Sharpening the focus on work zone safety on busy roads
A look into how government leaders have been able to change drivers’ behaviour and improve safety for workers, without risking lives of law enforcement officers.
Traffic cones on road with electronic arrow pointing to the right to divert traffic and white car in distance
Excessive speeding is a primary cause of injuries and deaths, along with not paying attention, failure to yield the right-of-way, and following too close. In the U.S., the latest research from the National Safety Council (NSC) found that 754 people were killed and 45,400 people were injured in U.S. work zone crashes in 2018.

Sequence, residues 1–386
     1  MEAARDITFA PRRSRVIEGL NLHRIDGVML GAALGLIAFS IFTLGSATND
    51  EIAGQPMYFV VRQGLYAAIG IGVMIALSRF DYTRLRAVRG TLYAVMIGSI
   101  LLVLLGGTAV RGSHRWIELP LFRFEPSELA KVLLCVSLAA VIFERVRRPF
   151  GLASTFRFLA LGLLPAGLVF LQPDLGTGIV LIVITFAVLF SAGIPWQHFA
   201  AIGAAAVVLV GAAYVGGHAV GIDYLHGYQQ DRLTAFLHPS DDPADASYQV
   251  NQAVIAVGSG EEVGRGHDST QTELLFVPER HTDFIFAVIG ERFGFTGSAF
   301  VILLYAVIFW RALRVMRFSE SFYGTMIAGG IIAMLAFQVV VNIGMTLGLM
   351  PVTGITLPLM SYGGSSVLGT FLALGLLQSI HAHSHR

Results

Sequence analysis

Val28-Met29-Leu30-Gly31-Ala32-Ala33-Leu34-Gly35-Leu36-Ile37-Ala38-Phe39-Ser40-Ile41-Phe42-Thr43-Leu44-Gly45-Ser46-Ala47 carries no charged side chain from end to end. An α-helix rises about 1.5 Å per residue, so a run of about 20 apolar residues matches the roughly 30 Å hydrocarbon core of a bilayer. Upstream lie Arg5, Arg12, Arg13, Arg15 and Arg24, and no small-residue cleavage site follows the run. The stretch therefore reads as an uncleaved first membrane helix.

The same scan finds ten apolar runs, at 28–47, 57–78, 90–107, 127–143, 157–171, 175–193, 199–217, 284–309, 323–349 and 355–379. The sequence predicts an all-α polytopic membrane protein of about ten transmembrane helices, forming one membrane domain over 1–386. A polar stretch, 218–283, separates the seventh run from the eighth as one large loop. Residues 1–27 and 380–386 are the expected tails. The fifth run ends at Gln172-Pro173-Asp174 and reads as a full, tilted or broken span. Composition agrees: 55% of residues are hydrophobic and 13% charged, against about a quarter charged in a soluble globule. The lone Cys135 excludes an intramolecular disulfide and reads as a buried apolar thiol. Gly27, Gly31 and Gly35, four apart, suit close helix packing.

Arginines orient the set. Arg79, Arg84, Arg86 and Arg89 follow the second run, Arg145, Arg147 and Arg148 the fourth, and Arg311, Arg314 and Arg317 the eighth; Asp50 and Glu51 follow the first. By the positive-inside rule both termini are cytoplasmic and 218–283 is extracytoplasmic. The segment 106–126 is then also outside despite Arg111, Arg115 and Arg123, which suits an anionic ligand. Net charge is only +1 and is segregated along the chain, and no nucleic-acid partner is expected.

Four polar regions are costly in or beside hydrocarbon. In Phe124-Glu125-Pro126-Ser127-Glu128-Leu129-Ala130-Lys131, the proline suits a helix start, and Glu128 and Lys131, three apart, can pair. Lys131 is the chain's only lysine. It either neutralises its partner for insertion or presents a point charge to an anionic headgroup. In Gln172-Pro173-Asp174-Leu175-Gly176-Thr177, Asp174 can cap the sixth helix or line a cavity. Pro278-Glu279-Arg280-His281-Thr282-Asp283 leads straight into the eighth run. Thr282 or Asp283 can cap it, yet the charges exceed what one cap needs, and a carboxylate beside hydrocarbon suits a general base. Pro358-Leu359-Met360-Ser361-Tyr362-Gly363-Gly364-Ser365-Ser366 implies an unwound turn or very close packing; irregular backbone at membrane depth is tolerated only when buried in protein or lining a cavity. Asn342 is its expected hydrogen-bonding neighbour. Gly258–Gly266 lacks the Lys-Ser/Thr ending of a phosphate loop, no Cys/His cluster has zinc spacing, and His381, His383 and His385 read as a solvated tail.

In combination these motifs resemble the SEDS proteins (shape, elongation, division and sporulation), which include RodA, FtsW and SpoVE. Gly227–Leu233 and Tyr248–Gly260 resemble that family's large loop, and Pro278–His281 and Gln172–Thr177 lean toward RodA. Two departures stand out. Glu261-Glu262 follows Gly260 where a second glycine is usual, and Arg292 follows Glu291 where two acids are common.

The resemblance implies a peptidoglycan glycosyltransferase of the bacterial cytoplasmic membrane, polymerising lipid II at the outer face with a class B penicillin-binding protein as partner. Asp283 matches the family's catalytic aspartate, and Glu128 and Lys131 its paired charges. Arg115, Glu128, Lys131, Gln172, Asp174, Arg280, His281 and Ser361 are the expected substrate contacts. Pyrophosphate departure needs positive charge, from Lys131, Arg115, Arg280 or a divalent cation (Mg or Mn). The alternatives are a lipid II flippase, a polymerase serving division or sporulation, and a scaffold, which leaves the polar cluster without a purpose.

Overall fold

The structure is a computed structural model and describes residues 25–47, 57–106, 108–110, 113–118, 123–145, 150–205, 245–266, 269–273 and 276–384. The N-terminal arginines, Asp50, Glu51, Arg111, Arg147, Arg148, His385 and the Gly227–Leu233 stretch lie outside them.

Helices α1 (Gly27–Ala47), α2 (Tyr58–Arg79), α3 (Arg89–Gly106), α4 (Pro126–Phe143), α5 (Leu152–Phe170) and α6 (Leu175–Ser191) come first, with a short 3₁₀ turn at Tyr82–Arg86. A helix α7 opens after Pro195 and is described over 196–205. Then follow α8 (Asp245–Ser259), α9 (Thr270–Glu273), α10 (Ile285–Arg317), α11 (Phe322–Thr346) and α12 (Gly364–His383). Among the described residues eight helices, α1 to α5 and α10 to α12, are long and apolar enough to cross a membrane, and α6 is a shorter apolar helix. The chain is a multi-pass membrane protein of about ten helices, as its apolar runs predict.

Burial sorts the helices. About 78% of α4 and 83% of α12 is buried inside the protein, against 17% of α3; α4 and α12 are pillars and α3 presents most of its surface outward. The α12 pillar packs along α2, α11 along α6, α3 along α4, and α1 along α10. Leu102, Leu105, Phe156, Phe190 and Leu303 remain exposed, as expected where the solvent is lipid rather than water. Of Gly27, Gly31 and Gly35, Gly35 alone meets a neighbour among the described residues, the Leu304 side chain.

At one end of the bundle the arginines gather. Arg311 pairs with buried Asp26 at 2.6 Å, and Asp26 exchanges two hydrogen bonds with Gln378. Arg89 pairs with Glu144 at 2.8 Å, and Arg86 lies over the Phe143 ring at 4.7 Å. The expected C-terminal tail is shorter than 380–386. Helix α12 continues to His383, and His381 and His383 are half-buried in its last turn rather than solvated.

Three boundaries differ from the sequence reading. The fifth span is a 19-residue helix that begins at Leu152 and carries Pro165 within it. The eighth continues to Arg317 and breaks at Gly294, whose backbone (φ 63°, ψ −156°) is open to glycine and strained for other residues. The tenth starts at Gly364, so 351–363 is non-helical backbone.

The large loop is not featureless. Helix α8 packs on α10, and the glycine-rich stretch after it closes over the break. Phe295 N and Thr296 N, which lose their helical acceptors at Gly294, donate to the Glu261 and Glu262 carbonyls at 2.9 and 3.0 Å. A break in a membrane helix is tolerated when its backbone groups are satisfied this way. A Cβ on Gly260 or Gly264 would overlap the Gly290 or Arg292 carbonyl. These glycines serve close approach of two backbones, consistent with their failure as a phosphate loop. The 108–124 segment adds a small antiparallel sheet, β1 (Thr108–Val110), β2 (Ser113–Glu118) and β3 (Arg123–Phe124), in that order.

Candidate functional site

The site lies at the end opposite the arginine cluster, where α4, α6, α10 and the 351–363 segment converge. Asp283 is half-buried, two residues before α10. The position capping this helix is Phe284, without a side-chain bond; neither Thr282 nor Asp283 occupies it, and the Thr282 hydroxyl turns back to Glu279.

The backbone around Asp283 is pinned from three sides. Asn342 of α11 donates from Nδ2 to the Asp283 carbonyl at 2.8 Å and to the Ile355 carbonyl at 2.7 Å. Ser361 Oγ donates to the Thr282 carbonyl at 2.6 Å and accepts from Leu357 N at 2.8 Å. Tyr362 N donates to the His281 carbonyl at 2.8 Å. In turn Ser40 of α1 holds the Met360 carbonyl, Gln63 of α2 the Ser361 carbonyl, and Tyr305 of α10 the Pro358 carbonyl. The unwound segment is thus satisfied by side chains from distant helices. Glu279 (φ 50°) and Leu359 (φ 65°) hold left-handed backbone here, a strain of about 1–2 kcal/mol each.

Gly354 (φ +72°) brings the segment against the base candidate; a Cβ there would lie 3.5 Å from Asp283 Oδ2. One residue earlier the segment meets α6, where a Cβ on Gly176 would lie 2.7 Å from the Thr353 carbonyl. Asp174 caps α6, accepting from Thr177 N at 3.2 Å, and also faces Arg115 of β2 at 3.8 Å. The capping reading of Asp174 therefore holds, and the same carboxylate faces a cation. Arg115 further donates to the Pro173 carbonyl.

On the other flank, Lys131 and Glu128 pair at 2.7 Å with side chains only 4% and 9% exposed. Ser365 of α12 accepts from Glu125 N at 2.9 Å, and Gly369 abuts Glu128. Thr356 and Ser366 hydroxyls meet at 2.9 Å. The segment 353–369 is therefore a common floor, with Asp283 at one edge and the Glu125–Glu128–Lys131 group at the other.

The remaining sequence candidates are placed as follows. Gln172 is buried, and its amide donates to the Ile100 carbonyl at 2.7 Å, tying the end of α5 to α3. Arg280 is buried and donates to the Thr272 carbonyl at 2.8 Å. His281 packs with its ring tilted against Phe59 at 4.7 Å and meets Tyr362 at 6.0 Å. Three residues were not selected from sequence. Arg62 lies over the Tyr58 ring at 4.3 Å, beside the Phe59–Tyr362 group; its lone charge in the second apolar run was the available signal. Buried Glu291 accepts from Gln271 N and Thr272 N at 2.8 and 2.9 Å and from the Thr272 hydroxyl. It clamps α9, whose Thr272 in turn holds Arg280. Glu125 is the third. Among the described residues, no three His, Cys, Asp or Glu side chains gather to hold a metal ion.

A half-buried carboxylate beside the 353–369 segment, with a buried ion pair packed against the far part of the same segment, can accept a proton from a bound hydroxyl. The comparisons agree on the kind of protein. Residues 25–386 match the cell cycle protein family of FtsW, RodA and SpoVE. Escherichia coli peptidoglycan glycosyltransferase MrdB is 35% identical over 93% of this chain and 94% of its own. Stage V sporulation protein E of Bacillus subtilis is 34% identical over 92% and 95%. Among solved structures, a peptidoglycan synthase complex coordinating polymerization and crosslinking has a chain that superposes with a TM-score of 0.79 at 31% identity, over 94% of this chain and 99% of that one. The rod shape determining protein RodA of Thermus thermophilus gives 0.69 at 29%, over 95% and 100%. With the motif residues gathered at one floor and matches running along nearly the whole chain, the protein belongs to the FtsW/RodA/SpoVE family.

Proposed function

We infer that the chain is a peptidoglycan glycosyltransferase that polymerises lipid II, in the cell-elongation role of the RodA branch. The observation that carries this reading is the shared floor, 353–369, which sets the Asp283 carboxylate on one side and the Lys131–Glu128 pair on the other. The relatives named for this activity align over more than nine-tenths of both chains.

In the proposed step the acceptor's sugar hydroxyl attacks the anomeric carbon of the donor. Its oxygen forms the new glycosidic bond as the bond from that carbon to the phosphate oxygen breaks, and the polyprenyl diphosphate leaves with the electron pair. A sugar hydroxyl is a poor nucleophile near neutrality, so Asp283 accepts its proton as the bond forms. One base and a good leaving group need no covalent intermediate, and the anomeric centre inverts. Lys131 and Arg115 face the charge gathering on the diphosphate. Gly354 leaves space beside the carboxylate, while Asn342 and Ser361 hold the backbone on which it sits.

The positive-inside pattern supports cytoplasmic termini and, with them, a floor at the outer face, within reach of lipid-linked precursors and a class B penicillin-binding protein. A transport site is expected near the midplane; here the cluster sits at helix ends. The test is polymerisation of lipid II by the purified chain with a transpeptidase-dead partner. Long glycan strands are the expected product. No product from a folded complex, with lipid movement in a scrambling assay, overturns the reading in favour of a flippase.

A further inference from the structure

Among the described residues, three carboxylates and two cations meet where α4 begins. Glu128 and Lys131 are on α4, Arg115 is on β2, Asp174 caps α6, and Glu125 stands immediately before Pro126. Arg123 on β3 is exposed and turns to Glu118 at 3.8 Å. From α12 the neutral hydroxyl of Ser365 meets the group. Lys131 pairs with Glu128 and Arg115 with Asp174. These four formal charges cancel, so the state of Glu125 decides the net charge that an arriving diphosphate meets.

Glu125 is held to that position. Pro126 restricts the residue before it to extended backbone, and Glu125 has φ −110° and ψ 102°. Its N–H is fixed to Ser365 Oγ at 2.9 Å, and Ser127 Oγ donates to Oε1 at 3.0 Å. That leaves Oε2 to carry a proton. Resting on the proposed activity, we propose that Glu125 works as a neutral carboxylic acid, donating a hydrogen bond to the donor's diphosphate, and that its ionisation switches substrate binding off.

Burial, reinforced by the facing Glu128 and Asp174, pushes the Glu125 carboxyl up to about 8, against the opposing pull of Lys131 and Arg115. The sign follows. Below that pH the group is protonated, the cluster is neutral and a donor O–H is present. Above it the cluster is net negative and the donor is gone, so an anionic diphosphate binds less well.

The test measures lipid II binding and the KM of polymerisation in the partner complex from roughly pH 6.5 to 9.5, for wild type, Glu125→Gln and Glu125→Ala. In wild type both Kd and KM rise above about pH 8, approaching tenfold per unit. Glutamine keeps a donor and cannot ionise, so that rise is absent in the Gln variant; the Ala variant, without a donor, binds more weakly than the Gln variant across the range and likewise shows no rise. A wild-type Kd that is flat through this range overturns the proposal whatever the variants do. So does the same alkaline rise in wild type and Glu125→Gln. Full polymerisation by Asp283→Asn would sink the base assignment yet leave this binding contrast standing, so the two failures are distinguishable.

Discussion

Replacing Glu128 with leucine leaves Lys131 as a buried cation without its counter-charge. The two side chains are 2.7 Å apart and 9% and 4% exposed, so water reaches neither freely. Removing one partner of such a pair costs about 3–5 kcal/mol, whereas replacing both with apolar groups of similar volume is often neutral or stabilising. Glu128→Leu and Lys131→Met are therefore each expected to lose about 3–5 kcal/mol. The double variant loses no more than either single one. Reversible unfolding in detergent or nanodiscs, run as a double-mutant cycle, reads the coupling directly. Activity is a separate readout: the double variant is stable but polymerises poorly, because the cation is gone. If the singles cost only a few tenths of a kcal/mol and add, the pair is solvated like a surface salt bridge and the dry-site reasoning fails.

Behind the numbers are lives unnecessarily lost, and people who suffer long-lasting effects from their injuries. Transportation leaders need solutions. Automated work zone enforcement, along with public education, can help them to reduce speed-related crashes in work zones. By automating work zone safety, government leaders have been able to change drivers’ behaviour and improve safety for workers, without risking the lives of law enforcement officers.